33. Ray says:

    Everyone seems to have missed one very important point, both Aaron’s death and that of Christophe two years ago are eerily similar and could have happened anywhere because both drivers were repeat offenders coming home to Key Biscayne after a night of partying. Nothing short of a barrier could have possibly saved them, and even then maybe not. Speeding is definitely a problem and should be enforced. My heart goes out to Aaron’s family.


  34. Scott says:

    Lines and different colored pavement would not have saved my friend who was struck and killed by a car on Crandon Boulevard in Crandon Park in the early 90’s, or the many others who have been killed on the highway and causeway since then. Barriers or moving the bike lanes further away from the vehicular lanes are the only thing that may protect cyclists from those driving under the influence and speeding. Also, you need to address the issue of slow emergency response to the area due to confusing multijurisdiction between the City of Miami, the county, the Village of Key Biscayne, and the State Park. The mile markers are a start at resolving that.


  35. trmt says:

    The reason drivers don’t want bikers on the same roadway is exactly the same as the reason that bikers don’t want to be on the walkway. The difference is that pedestrians aren’t likely to be killed when run over by bikers.

    The solution is neither expensive nor complicated. Move that Jersey-barrier over, get the cyclists off the roadway and put them on the walkway. There are no cyclists allowed on the Mount Vernon Parkway in Virginia, referenced above, and for the same good reason. Given the repeated fatal consequences, it is grossly irresponsible for the County to continue to allow cyclists on this roadway.


  36. David says:

    I did not forget. Although I am very sorry about what happened to the family, the fact is that before sunrise the multi path was empty. Been there. Done that. They could have rode there but arrogance keep them on the highway. They should have known better. We all know that Miami drivers are some of the worse in the world. Texting and phone call as in the extremes when people are not just straight out drunk in the middle of the day! I ride every day and every day I see multiple bike riding a-holes blocking traffic and going slower than normal traffic and they are usually dressed up as Lance, almost as a cartoon. Fact is that if they were on the other side of the EXISTING CONCRETE BARRIER they would both be fine. Y’all can say what you want but I will be riding on the sidewalk whenever possible, including multipaths. Some said bike lanes on the highway were stupid and the county f-ed up. I AGREE. Anyone riding in the bike lane on the highway also has a death wish.


  37. Brandt A. says:

    Someone let the Miami driver trolls out…

    Maybe one day I’ll leave this country and go to a place where people actually have their heads screwed in right and watch from there as drivers crash themselves to death on their ‘highways’.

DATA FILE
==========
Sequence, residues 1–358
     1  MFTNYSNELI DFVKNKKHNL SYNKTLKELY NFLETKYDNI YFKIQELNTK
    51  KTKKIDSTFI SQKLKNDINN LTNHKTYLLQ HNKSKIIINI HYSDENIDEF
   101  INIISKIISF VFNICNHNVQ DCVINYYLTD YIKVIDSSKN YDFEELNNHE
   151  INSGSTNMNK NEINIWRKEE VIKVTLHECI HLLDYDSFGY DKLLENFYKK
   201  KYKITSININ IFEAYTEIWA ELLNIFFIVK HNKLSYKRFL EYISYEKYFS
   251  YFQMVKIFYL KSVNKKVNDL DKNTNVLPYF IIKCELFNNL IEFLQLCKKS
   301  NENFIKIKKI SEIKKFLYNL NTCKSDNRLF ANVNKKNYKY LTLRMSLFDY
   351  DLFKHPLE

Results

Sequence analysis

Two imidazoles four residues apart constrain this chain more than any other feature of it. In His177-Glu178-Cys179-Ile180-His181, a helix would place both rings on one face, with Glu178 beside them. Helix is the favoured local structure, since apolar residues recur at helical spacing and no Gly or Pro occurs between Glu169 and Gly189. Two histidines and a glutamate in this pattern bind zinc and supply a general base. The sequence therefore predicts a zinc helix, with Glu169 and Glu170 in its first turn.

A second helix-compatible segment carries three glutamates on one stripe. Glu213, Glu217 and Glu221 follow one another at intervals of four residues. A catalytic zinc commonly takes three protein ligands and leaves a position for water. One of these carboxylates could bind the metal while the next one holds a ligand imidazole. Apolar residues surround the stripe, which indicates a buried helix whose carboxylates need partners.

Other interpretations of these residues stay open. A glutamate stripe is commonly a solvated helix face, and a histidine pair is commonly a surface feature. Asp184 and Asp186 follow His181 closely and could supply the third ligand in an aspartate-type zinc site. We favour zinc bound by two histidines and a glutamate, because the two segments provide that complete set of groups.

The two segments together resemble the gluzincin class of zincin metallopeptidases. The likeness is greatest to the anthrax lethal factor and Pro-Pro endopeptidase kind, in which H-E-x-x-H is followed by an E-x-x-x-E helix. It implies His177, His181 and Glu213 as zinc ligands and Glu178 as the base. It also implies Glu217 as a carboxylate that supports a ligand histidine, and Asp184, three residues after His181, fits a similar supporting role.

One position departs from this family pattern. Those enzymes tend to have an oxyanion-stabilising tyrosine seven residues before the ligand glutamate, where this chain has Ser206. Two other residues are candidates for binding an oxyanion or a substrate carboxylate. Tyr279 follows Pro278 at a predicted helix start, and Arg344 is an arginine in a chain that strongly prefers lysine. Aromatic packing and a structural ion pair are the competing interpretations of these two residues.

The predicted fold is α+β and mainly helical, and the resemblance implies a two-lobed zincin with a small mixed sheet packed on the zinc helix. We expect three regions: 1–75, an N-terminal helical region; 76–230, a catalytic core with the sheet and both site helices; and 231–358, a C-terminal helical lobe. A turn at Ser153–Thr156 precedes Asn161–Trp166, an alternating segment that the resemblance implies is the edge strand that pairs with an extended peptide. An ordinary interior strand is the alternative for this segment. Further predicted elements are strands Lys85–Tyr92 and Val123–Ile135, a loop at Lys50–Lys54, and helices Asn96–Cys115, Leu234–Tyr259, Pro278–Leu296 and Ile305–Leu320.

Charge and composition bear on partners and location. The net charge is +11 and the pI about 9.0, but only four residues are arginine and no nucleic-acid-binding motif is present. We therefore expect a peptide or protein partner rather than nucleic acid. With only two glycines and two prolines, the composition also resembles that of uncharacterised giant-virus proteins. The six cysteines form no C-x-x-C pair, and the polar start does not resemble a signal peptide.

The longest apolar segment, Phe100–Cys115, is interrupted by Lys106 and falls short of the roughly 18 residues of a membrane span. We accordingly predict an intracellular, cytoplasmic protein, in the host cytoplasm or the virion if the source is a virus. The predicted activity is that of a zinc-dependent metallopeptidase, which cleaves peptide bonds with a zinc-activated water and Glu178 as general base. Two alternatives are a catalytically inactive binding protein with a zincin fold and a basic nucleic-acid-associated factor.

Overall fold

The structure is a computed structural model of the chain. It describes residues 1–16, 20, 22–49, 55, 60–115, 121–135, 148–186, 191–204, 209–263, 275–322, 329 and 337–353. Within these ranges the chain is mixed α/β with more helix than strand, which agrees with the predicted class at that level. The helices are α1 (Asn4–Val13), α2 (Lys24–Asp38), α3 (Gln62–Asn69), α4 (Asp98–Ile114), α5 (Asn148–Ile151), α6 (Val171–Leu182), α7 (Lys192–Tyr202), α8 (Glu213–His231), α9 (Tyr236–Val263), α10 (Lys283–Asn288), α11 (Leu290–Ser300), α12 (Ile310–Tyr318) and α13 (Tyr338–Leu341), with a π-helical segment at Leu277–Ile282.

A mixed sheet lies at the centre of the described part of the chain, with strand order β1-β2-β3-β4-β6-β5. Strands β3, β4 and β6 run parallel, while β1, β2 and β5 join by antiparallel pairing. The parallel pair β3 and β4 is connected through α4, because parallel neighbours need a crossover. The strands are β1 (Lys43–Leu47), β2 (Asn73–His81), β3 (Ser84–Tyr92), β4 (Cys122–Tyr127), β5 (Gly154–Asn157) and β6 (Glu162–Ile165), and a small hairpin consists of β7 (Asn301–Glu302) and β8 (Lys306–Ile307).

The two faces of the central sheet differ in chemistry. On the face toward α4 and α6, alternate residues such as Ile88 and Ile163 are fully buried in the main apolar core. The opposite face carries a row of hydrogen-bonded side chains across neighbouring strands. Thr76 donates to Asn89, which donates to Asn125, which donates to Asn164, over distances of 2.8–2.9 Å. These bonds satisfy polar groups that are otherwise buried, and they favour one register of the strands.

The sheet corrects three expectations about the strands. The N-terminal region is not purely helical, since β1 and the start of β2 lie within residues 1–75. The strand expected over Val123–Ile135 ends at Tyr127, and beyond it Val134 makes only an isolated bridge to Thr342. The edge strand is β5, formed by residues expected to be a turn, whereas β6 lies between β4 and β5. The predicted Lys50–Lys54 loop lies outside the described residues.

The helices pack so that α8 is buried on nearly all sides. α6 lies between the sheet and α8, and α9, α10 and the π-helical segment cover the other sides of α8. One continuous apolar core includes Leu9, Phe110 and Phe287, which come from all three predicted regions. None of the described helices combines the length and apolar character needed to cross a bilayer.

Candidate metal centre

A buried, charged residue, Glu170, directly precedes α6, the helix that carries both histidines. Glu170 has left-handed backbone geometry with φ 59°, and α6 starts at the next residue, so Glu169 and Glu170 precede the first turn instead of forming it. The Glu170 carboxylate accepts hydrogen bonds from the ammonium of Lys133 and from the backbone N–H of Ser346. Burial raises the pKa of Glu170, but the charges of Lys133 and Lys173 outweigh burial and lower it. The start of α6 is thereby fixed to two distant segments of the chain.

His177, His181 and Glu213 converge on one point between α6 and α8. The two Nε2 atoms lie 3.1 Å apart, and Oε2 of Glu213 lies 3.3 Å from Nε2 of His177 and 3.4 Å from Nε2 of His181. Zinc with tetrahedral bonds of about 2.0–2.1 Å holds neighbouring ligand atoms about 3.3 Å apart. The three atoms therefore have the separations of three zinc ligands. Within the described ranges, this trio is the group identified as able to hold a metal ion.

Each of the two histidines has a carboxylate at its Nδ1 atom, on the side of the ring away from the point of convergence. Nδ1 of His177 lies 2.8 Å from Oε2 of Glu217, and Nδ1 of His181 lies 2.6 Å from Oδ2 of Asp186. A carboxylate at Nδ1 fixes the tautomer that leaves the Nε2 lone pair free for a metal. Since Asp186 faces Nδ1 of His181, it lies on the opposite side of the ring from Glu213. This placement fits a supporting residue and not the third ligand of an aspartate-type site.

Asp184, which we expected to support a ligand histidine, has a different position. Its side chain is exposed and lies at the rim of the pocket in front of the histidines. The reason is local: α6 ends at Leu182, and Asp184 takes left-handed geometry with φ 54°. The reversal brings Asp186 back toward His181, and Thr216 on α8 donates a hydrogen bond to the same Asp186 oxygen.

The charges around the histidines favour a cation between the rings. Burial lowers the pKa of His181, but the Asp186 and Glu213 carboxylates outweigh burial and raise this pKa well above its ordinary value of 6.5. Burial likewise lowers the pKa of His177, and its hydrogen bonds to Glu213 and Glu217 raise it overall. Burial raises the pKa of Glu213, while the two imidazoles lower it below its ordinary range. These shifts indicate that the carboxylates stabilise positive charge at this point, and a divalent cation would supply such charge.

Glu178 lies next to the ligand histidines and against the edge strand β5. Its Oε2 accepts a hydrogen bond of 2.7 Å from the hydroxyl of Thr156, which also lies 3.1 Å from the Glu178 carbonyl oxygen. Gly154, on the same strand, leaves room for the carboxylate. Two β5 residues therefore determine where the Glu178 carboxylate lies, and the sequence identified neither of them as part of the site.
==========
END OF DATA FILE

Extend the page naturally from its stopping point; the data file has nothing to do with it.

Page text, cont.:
38. Daniel says:

    I can’t remember, but after the first section of the MacArthur Causeway is widened for the tunnel isn’t it supposed to have a really wide (8′) sidewalk and/or bike lanes added. I don’t see why not because if you look at all the traffic crossing Biscayne at Port Boulevard it’s not that much, the stop light never backs up, meaning all the traffic to the port is hardly enough to justify an additional lane on the MacArthur, meaning some of the added width should be allocated for bikes/sidewalk.


  39. Bruno says:

    I ride my bike everyday and I am a KB resident. I knew Aaron and I am very sad for his family. The last 2 accidents had the same history. “A drunk driver going back home after party hits a cyclist in the bike lane.”
    I think we could improve the bike lines, specially from the small bridge to KB where the there is a corner and the bike line gets narrow. We need to make the distance from the bike line to the road wider and with yellow paint. easy to do!!!
    The biggest problems is drunk drivers. How many times I go cycling in the morning and I see a car crashed in the bush? 2 weeks ago a car hit the post by the CVS. The police needs to be more active between 12am to 6am, when people return DRUNK from the parties.
    I hope we can redeuce accidents in the causeway.


  40. ME says:

    Worthless emotion will solve nothing. Thanks for updating us on your life plans because we know how important you are on the planet now that you told us. Wow. Whiskey Tango Foxtrot?


  41. ME says:

    Comment was with regard to trolls of course.


  42. […] for cyclists and pedestrians?” asked writer Felipe Azenha on the blog Transit Miami, while reposting an article from two years ago with safety recommendations he says have been ignored since LeCanne was killed. “This is not rocket science. An […]


Leave a Reply

Your email address will not be published.

You may use these HTML tags and attributes: <a href="" title=""> <abbr title=""> <acronym title=""> <b> <blockquote cite=""> <cite> <code> <del datetime=""> <em> <i> <q cite=""> <strike> <strong>

This site is protected by Comment SPAM Wiper.